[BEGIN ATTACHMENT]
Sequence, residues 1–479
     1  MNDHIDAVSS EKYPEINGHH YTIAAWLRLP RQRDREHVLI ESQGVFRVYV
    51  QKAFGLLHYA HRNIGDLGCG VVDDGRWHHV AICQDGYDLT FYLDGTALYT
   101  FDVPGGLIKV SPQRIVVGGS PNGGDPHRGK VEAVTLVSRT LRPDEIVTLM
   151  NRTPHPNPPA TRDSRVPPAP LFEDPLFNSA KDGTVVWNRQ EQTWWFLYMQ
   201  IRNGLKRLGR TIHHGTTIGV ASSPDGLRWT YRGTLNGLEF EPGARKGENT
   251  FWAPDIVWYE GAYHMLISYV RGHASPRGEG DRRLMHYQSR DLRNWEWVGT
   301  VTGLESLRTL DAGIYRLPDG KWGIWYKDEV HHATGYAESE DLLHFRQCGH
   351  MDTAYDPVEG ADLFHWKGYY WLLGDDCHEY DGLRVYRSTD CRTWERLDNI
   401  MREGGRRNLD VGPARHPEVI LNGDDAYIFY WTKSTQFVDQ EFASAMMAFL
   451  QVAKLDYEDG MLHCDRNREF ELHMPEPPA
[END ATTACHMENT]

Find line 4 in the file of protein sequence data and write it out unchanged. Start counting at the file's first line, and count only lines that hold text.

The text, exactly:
   101  FDVPGGLIKV SPQRIVVGGS PNGGDPHRGK VEAVTLVSRT LRPDEIVTLM